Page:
Why dev teams need observability to make sense of Kubernetes clusters

Woman looking through magnifying glass

As cloud-native applications and microservices become more complex, developer teams struggle to make the most out of their infrastructure. Observability can cut through cluttered architectures to connect key engineering decisions to business metrics.

Driven by a constant mission for faster performance, improved efficiency, and enhanced business outcomes, developer tools change rapidly to meet the increased pressures on engineering teams. While these tools move in the direction of progress, the pace of change means that dev teams sometimes miss the forest for the trees, and today, one of the industry’s most widely-deployed tools is also its most misunderstood.

The rise of microservices and cloud-native applications has created an application infrastructure that is increasingly complex and difficult to understand. The most dramatic example of this challenge is Kubernetes; while the container orchestration system has been widely adopted by developers (including 91 percent of respondents to the Cloud Native Computing Foundation’s 2020 Cloud Native Survey), a majority of developers lack the clarity and understanding needed to inform decision-making for site-reliability engineering with data.


Data analytics on application infrastructure is an emerging, underleveraged area in software engineering, and tasks like CI/CD workload sizing, resource allocation and load balancing tend to be ad hoc decisions made with a lack of contextual data. When developers are able to analyze their telemetry data, they are able to gain significant insights into the behavior of their applications, automate certain manual workloads, and connect engineering decisions to business metrics like end-user latency.

To make sense of an increasingly chaotic infrastructure, engineering teams can rely on Kubernetes observability.

Defining Kubernetes observability

The term "observability" tends to mean different things to different engineers, but rather than viewing it as a single product or solution, it should be viewed more as an overarching metric: observability defines your team’s ability to identify and understand a problem. With exceptional observability, teams can recognize and address errors and anomalies at a glance from a user-friendly interface. With poor observability, engineers can be working for hours in the dark trying to make sense of a hailstorm of alerts, errors and downtime.

Containers and microservices increase both the surface area of a team’s infrastructure, as well as the frequency of software changes. This complexity makes it more difficult for teams to achieve good observability and understand the performance of their cloud-native applications. Kubernetes has become a must-have for engineering teams because it is viewed as the most effective tool for scalability and simplifying complex processes. But the most valuable benefits of Kubernetes clusters are only available to those who maintain great observability.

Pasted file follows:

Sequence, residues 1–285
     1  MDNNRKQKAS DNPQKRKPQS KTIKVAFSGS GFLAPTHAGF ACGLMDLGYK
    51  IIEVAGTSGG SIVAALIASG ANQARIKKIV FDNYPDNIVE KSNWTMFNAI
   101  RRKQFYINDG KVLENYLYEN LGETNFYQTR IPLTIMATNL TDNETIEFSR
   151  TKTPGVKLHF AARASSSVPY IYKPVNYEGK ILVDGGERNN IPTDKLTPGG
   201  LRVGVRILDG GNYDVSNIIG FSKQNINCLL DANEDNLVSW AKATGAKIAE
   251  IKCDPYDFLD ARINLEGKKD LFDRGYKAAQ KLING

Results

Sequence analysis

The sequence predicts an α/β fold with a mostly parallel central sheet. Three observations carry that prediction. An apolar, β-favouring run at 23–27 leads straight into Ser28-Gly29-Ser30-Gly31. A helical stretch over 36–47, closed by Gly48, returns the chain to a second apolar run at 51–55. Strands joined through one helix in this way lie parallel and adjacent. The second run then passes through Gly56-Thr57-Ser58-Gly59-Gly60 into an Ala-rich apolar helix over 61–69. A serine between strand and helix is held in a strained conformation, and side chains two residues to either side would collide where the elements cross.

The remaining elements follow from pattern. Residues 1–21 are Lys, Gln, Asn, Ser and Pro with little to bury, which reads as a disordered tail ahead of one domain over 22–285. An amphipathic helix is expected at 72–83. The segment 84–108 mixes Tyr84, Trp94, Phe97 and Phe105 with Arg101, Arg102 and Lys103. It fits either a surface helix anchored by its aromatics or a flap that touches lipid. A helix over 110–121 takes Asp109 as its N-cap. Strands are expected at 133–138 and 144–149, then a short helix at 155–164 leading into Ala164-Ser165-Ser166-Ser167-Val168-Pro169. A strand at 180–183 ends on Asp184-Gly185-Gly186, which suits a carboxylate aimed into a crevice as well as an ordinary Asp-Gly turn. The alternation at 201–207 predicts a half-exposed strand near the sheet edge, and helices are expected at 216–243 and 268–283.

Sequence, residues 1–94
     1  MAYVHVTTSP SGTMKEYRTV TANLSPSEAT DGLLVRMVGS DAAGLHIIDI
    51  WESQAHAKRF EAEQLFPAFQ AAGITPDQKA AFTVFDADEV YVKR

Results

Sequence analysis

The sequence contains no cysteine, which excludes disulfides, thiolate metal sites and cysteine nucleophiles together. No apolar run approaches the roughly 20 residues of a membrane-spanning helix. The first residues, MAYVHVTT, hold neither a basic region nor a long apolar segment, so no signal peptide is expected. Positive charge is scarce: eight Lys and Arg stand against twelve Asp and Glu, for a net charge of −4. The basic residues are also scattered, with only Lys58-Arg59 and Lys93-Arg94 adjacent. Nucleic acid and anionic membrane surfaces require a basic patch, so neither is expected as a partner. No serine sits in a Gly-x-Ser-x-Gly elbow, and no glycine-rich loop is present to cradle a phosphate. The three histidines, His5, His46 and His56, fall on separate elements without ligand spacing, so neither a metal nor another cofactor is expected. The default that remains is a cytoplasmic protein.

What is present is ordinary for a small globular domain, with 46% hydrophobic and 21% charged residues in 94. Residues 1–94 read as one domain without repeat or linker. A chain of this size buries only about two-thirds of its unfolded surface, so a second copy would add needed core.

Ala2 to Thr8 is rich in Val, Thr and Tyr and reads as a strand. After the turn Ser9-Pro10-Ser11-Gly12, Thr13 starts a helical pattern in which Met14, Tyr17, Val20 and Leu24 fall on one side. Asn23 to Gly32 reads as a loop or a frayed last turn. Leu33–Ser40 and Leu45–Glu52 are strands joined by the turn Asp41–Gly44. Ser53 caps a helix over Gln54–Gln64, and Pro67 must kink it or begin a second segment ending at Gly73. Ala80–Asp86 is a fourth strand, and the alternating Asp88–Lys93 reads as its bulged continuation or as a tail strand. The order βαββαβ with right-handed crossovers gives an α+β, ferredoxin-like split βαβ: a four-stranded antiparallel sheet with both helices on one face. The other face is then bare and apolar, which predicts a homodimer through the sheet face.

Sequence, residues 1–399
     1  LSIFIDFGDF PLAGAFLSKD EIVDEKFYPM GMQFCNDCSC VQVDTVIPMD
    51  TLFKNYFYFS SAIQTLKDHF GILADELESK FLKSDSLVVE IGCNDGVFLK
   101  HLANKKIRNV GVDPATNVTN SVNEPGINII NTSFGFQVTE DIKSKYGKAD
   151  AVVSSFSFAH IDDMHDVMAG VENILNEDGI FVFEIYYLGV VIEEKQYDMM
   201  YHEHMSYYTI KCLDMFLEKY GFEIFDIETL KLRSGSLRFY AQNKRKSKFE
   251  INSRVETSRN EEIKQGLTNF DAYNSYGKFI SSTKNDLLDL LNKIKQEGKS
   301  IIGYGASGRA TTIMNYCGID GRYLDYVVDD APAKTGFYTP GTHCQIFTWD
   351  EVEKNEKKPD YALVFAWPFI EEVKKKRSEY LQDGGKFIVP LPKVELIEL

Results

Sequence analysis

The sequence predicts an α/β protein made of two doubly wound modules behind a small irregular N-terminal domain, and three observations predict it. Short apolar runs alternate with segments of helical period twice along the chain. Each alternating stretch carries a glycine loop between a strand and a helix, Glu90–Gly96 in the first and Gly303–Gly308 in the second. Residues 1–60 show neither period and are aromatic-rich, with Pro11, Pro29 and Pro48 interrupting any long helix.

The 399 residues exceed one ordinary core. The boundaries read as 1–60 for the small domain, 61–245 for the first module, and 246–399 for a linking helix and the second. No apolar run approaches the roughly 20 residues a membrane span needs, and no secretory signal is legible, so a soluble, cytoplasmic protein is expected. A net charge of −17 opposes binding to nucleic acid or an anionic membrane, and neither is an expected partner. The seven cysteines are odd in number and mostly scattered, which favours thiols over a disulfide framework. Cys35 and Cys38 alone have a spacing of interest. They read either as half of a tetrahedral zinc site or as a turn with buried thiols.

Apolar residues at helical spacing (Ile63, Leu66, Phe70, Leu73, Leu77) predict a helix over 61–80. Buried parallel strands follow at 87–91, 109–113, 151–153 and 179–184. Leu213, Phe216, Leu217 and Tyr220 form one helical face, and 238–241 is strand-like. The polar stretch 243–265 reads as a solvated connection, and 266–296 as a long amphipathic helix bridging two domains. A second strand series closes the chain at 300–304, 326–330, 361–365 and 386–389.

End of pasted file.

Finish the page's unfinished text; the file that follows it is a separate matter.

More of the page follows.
Insight-rich and instrumentation-free

To enjoy the reliability and efficiency of a well-organized Kubernetes cluster, dev teams must be able to recognize both when their tools are underperforming and when their resources are underutilized. This begins with establishing a baseline for the health and capacity of the Kubernetes cluster. Infrastructure monitoring is essential on Kubernetes, and keeping track of application metrics provides a valuable first-step when pulling apart performance issues and unexpected anomalies.

Kubernetes observability requires teams to monitor relevant events like new deployments, health checks and autoscaling; tracking dynamic events is vital to make sense of real-world performance. Technologies like eBPF automatically collect metrics, events, traces and logs, covering every layer of the tech stack from the applications to the operating system, Kubernetes infrastructure, and network layers. In addition to events, good Kubernetes observability includes understanding how microservices communicate with each other. Kubernetes metadata can define the performance and distributed traces of applications, providing valuable performance insights into throughput, transaction times and error rates.

Good observability isn’t simply a matter of monitoring. It also changes the way developers interact with their tools by correlating events and placing errors in the context of their broader environment. Without observability, developers often bounce between tools, struggling to make sense of the situation as a whole. With good Kubernetes observability, developers can connect logging data to other monitoring tools and assess anomalies in context.

As an industry, we’ve recognized the potential for Kubernetes, yet we’ve struggled to realize that potential. Observability is an essential step to maximize resources, limit errors, and quickly address problems when they occur. As teams improve their Kubernetes observability, they’ll enjoy both a less stressful user experience as well as improved business outcomes.

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JF Joly is Senior Director of Product Management, New Relic.

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